Fiscal expansion now is really a no-brainer:
- borrow at unbelievably low rates;
- use it to put people to work doing useful things to make America more productive;
- if we are near full employment, it will also push up interest rates, restore equilibrium to the banking sectors, and reduce the chances of future bubbly financial vulnerabilities;
- if we are not near full employment, it will pull people back into the labor force and raise production and employment now as well as in the future.
What's the downside?
Larry Summers thinks it will be very badly implemented indeed:
Larry Summers: A Badly Designed US Stimulus Will Only Hurt the Working Class: "Rüdiger Dornbusch made an extensive study of... populist economic programmes....
Over the medium- and long-term they were catastrophic for the working class in whose name they were launched. This could be the fate of the Trump programme given its design errors, implausible assumptions and reckless disregard for global economics.... Tax credits for equity investment and total private sector participation that will not cover the most important projects, not reach many of the most important investors, and involve substantial mis-targeting.... The highest return infrastructure investments--such as improving roads, repairing 60,000 structurally deficient bridges, upgrading schools or modernising the air traffic control system--do not generate a commercial return and so are excluded....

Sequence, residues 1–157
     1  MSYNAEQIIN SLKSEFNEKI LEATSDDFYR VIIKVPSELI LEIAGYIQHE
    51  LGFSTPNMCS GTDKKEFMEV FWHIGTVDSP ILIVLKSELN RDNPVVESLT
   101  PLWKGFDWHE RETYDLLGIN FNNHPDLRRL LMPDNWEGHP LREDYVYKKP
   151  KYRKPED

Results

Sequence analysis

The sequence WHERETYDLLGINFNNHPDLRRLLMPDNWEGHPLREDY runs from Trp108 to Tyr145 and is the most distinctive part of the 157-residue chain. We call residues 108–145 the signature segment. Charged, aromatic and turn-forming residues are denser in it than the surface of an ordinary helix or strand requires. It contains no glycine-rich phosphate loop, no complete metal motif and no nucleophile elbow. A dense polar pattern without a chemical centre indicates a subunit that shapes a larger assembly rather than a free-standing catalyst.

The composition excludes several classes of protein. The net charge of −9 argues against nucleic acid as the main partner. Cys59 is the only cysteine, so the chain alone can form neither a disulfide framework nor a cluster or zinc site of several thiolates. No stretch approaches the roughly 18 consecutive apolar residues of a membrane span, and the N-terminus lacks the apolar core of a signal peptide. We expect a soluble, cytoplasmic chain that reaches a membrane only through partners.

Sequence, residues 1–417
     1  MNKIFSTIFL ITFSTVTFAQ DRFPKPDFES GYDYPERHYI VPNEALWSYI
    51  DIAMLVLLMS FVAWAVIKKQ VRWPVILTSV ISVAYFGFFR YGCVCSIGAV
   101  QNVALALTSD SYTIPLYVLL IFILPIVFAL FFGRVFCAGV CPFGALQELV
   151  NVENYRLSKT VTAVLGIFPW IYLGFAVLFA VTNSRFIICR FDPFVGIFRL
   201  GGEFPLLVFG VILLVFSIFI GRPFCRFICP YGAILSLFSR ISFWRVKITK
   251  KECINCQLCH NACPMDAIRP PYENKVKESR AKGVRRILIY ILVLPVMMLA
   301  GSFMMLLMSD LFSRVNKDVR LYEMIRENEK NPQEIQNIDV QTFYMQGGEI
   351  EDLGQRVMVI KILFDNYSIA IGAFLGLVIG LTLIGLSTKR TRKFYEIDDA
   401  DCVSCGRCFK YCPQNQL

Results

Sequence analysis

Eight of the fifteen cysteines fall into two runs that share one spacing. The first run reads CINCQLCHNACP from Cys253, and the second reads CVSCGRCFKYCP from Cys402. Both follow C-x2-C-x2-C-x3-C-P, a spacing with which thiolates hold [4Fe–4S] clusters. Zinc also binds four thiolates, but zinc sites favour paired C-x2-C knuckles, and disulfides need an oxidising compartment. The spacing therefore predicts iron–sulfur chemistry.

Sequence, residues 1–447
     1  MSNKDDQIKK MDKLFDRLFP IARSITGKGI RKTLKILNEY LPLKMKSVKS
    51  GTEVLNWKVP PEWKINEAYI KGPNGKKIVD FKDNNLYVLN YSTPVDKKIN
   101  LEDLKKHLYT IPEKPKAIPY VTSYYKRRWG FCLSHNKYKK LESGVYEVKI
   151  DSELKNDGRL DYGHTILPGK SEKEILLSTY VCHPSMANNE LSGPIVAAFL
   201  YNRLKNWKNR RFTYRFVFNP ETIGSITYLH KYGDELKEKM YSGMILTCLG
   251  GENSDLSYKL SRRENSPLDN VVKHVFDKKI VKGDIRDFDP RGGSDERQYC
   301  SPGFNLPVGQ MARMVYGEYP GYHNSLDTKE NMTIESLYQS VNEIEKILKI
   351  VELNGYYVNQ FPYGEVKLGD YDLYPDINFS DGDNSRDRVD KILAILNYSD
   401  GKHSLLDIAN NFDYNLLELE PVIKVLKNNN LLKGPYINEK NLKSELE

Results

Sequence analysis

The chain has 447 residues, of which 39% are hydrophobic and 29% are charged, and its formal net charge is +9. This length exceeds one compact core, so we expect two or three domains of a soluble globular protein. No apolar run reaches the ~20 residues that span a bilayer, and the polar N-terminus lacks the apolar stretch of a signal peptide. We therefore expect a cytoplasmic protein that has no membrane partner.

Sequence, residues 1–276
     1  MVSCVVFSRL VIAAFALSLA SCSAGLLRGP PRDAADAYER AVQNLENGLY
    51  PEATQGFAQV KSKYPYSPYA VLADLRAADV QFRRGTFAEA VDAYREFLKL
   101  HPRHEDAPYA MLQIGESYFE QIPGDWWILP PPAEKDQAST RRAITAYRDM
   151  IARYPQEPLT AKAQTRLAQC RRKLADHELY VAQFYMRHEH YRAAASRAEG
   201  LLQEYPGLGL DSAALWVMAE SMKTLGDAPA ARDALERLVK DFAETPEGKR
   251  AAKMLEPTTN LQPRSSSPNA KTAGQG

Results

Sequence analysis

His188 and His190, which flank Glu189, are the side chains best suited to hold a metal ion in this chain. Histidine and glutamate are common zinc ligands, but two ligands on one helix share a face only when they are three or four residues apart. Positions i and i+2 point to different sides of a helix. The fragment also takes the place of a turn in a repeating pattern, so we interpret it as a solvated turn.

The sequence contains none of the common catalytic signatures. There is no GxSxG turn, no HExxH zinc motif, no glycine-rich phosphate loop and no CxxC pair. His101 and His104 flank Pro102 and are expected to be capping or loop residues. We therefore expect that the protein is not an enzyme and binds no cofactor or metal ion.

Trump’s global plan... rests on a misunderstanding.... The plan seems to assume we can pressure countries not to let their currencies depreciate.... [But] not even US presidents... can repeal the laws of economics. Populist economics will play out differently in the US than in emerging markets. But the results will be no better...
Back in 1980 there were a great many people who thought they had Reagan's approval and baton for:
- cutting interest rates,
- returning to the gold standard,
- balancing the budget,
- boosting military spending
- cutting taxes,
- cutting "weak claims" to federal dollars by successful rent seekers,
- cutting off federal support to "weak claimants" who did not look or act like real America.
All six of these factions were correct: they all did have Reagan's approval baton. But few of these goals were consistent with the others. The final policy outcome in the 1980s was random. It was disastrous for midwestern manufacturing, disastrous for fiscal stability, a negative for economic growth, but an extremely strong positive for the rich and superrich whose taxes were cut the most.
Because the last group speaks with a loud voice, there are lots of people today who think that Reagan's economic policies were, in some vague way they do not understand, a success. But that is the wrong lesson. The right lesson is: incoherent and contradictory policy goals produce largely-random policies that are very unlikely to turn out well.